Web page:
Part Time vs. Full Time in California (2024) – What Are the Differences?

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Part Time vs. Full Time in California (2024) – What Are the Differences?
Feb 02

The differences between part-time and full-time employment in California, as of January 1, 2023, are few. Both types of employment offer the same protections under state law, but there are few distinctions between the two.

Full-Time vs. Part-Time Hours in California

While California law classifies employees who work 40 hours per week or more as full-time employees, employers may classify workers as full-time as they choose. Employers often opt to label workers who work under 40 hours a week as part-time because they are not required by law to provide healthcare benefits for part-time employees.


Equal Rights for Part-Time and Full-Time Workers in California

Other than healthcare benefits, part-time employees receive all the same allowances by law as full-time employees. Part-time employees who work more than 40 hours per week are eligible to receive overtime pay (time and a half) and are also eligible for paid sick leave. Furthermore, it is required for employers to have workman’s compensation insurance coverage for both part-time and full-time workers. Additionally, part-time workers can even receive unemployment benefits while working, which is something full-time employees are prohibited to do by state law.

Minimum Wage

As of January 1, 2023, for all workers, regardless of hours worked, part-time or full-time status, or how many employees a company has, the minimum wage is $15.50. Some regions have a higher minimum wage. For instance, the minimum wage is $16.04 in LA County but will increase to $16.90 on July 1, 2023, apart from workers who have not performed work in unincorporated LA County. Those workers are subject to the state minimum wage.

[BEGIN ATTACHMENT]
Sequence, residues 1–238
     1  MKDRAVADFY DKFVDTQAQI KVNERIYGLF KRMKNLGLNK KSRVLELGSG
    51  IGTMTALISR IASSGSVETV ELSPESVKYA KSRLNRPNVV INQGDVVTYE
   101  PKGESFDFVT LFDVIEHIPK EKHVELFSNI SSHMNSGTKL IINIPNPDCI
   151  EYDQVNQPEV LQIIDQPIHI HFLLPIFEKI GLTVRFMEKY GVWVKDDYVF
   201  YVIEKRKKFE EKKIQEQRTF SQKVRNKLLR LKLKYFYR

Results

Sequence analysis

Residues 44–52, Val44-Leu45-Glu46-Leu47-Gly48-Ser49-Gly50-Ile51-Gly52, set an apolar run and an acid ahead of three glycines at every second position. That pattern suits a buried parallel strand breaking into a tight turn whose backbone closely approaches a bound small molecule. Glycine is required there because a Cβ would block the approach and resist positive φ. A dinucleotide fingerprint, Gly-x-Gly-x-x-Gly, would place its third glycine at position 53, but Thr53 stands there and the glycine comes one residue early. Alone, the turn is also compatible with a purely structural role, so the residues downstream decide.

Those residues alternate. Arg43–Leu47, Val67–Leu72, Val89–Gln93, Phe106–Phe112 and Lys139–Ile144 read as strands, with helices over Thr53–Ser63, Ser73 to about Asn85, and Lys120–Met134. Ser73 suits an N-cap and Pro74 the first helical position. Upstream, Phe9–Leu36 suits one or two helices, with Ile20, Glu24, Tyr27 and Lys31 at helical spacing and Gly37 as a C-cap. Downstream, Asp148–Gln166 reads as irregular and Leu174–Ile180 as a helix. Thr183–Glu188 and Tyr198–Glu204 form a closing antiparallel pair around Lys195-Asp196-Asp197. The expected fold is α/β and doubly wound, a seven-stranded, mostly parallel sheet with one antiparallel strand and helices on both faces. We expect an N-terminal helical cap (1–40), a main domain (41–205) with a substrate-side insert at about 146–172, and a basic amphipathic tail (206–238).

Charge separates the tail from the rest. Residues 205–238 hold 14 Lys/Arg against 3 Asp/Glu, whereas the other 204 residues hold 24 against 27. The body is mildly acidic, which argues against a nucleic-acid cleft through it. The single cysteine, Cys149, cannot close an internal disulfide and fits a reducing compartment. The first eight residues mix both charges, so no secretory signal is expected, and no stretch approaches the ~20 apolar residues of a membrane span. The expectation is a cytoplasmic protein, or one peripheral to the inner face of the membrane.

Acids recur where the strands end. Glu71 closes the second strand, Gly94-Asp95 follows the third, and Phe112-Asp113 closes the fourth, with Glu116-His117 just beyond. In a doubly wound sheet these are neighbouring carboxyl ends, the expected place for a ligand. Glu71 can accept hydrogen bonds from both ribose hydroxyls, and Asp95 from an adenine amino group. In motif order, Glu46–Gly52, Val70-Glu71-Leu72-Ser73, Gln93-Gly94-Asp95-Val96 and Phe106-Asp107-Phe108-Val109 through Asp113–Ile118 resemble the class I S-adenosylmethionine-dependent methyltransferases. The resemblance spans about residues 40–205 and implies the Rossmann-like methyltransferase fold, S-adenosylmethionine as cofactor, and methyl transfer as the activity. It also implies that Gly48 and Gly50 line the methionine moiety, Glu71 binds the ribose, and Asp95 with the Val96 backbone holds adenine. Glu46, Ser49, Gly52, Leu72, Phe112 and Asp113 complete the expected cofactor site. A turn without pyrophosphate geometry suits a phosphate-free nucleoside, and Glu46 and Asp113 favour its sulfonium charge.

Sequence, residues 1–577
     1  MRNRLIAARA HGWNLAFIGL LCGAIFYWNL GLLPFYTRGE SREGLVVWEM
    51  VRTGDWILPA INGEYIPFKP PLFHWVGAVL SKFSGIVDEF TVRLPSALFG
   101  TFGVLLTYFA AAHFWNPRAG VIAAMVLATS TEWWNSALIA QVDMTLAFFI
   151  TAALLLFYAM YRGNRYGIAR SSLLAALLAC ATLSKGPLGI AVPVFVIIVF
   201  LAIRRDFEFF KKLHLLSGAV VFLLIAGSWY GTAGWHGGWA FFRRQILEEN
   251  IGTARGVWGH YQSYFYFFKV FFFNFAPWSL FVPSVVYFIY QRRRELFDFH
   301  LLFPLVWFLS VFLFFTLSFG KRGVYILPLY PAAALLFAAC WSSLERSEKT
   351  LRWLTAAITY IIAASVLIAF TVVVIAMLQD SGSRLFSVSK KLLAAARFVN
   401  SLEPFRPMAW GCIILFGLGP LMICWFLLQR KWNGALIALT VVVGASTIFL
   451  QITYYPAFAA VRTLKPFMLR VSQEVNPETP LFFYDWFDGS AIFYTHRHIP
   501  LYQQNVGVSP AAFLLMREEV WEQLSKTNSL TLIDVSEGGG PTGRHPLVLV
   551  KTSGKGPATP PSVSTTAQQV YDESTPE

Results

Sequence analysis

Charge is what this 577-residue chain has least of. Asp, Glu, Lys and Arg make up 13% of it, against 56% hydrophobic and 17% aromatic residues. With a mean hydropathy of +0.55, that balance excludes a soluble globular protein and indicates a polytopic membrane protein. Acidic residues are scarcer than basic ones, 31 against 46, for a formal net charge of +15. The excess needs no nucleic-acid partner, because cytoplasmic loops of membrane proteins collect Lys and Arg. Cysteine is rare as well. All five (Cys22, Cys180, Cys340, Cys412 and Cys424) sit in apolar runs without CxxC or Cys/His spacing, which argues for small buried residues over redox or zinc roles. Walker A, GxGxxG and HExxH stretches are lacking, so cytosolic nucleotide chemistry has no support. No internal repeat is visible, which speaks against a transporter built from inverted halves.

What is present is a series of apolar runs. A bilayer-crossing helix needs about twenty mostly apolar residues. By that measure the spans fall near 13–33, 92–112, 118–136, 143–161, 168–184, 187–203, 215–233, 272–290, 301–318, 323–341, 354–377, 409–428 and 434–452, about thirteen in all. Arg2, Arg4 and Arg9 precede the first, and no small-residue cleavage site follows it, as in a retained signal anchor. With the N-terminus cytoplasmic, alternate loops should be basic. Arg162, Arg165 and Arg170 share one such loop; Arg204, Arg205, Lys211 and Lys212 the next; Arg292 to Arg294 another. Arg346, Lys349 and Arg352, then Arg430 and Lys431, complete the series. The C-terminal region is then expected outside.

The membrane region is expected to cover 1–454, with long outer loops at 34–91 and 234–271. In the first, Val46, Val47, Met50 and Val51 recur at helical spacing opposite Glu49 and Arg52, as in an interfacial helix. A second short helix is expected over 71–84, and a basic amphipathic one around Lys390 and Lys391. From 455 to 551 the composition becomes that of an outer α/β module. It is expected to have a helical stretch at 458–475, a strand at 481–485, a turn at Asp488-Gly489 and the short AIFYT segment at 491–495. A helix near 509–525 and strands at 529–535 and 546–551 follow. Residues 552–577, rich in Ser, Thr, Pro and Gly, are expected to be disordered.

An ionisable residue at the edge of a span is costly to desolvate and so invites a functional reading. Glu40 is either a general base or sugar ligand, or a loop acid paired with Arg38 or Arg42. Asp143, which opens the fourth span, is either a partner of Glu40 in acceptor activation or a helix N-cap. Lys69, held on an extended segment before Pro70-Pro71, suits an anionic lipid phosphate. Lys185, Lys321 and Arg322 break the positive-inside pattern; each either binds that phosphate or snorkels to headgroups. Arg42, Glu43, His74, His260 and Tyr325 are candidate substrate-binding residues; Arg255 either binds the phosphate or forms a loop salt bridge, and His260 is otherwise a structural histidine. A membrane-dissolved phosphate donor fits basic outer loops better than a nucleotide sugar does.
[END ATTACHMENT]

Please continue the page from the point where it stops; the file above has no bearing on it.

Paid Sick Leave

Under the California Family Rights Act (CFRA), part-time and full-time employees are entitled to Paid Sick Leave (PSL). This law requires employers to give workers a minimum of three workdays off, either in day or hour increments. If the employer prefers to give PSL in hourly increments for instances such as medical appointments that do not require an employee to miss a full day of work, the employer must allow a minimum of 24 hours for PSL. In Los Angeles City, the PSL minimum is six workdays (or 48 hours).

Workers eligible for PSL include staff employed by the same employer for 30 days or more within one year and who have completed a 90-day employment period before taking PSL. Employees can use PSL to recover from injuries (physical or mental), go to the doctor, or care for a family member who is sick or needs assistance with a medical appointment.

State law allows employers to write their own policies regarding how PSL can be used and whether PSL is earned via accrual. Employers are required, though, to provide at least one hour of PSL per 30 hours worked.

Vacation Time

Vacation time statutes apply to all employees. While state law does not require an employer to give employees vacation time, it defines what constitutes earned vacation time if an employer establishes a policy or agreement on providing it. All employees may earn vacation time depending on the employer, but full-time employees may accrue it at a higher rate.

State law defines earned vacation time as wages earned or accrued in real-time. Furthermore, vacation time cannot be withheld, even if employment is terminated, regardless of the termination reason. Upon termination, employers are required to pay the employee for any accrued vacation time at the same rate of pay at termination. Furthermore, annual vacation time must be prorated if termination occurs mid-year. According to state law, advanced vacation time cannot be deducted from a later or final paycheck.